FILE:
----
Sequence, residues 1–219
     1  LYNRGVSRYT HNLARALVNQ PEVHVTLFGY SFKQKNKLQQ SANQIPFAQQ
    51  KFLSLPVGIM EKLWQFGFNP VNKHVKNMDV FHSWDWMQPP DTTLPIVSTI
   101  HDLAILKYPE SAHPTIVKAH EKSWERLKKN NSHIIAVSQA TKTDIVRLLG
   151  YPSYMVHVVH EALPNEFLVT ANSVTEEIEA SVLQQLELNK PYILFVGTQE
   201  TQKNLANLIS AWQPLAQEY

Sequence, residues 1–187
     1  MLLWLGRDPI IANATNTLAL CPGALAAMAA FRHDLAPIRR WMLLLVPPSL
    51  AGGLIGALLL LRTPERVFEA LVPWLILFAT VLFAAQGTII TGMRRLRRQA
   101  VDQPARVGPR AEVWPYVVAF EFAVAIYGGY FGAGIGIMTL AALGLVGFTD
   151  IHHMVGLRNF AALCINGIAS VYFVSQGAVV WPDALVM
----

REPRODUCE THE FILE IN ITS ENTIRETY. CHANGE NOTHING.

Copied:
Sequence, residues 1–219
     1  LYNRGVSRYT HNLARALVNQ PEVHVTLFGY SFKQKNKLQQ SANQIPFAQQ
    51  KFLSLPVGIM EKLWQFGFNP VNKHVKNMDV FHSWDWMQPP DTTLPIVSTI
   101  HDLAILKYPE SAHPTIVKAH EKSWERLKKN NSHIIAVSQA TKTDIVRLLG
   151  YPSYMVHVVH EALPNEFLVT ANSVTEEIEA SVLQQLELNK PYILFVGTQE
   201  TQKNLANLIS AWQPLAQEY

Sequence, residues 1–187
     1  MLLWLGRDPI IANATNTLAL CPGALAAMAA FRHDLAPIRR WMLLLVPPSL
    51  AGGLIGALLL LRTPERVFEA LVPWLILFAT VLFAAQGTII TGMRRLRRQA
   101  VDQPARVGPR AEVWPYVVAF EFAVAIYGGY FGAGIGIMTL AALGLVGFTD
   151  IHHMVGLRNF AALCINGIAS VYFVSQGAVV WPDALVM